Breakeven analysis of a proposed pharmacy discharge prescription medication reconciliation program
Medication errors are a problem in the United States healthcare system. Many patients are harmed unnecessarily, costing billions of dollars annually. The Institute of Medicine has recommended several strategies for healthcare institutions to potentially decrease medication errors. Medication reconciliation was one such recommendation with the aim of helping to eliminate medication errors. Medication reconciliation is a process whereby a patient's drug regimen is reviewed by a healthcare professional for appropriateness and screened for potential problems that can cause harm. The list is also compared to new orders written for the patient to ensure the list is accurate and up to date. The Joint Commission requires the medication reconciliation process be conducted at all points of patient care transition, including admission, transfer, and discharge in the hospital setting. The process of conducting discharge medication reconciliation may require additional staffing. Additional positions necessitate resources that may not always be readily available. Such staffing could generate potential revenue if a patient's discharge prescriptions were filled at the outpatient pharmacy during the discharge medication reconciliation process. This study evaluated the potential revenue from maximizing the number of discharge patients who fill their discharge prescriptions at the outpatient pharmacy. A breakeven analysis was conducted to determine the point at which the costs of new pharmacist and pharmacy technician positions could reasonably be offset from the estimated revenues of filling discharge prescriptions. The results of this study found that at least one new full-time pharmacist and pharmacy technician position could be created for Monday through Friday from 0800 to 1630 to provide additional hospital units with discharge pharmacy services. In addition, a 50% pharmacist and pharmacy technician position could be created to offer these services in the evening for Monday through Friday from 1631 to 2100, and a 40% pharmacist and pharmacy technician position could be created for Saturday through Sunday from 0800 to 1530 to provide discharge pharmacy services. Therefore, if maximization of the number of filled discharge prescriptions can be achieved, part of the cost of additional staff required for medication reconciliation may be offset in a positive manner.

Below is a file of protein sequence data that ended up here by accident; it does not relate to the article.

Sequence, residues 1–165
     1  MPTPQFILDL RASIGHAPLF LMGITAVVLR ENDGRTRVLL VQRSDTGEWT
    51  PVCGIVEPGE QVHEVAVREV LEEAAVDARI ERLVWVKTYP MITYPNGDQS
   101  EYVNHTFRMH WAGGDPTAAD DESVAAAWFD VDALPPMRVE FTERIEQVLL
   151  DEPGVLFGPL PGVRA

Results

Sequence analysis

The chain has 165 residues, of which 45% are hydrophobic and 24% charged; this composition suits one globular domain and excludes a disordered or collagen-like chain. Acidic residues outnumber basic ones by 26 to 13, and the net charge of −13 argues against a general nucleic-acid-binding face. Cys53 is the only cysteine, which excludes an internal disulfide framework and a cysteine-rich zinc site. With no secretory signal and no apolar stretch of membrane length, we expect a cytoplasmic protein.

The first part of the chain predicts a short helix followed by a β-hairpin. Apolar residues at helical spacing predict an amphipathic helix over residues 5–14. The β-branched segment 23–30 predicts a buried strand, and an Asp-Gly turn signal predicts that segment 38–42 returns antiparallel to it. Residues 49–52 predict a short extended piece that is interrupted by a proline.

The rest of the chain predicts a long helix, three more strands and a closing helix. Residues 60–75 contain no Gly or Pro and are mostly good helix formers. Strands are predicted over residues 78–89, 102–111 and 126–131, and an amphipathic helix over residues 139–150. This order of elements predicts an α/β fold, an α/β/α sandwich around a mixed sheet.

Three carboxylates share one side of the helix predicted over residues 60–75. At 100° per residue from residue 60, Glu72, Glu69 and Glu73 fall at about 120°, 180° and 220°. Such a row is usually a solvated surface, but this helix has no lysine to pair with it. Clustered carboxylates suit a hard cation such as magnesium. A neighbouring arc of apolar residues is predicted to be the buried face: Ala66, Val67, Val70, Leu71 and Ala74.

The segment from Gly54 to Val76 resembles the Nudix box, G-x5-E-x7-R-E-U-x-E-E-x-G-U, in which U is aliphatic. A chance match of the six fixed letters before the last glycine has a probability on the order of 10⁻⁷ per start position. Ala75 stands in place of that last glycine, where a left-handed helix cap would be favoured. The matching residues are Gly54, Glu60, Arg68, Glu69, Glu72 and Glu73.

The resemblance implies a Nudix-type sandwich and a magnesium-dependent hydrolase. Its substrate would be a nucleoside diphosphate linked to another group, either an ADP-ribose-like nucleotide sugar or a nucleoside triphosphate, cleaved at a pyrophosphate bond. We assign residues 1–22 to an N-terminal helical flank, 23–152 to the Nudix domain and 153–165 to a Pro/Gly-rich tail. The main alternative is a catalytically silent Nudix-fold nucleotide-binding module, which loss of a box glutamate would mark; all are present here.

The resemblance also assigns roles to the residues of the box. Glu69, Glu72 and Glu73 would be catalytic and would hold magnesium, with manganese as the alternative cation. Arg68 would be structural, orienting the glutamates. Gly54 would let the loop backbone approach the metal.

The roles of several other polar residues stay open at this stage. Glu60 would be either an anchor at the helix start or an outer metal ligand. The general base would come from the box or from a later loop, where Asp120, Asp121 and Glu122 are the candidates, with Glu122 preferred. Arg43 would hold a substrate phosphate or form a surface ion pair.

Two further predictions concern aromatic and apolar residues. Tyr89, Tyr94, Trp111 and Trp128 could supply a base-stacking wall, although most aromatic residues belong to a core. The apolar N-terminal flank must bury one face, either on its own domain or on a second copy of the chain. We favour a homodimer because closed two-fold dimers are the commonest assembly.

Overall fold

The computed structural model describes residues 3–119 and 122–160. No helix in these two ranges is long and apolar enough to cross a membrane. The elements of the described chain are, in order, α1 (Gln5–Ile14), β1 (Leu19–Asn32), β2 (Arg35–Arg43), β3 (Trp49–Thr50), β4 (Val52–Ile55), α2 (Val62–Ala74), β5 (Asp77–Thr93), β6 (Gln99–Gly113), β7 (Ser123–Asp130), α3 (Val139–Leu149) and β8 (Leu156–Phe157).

University of Utah;
Drug utilization; Medication error
University of Utah;
Relation-Is Version Of
Digital reproduction of “Breakeven analysis of a proposed pharmacy discharge prescription medication reconciliation program” J. Willard Marriott Library Special Collections RM31.5 2010 .W56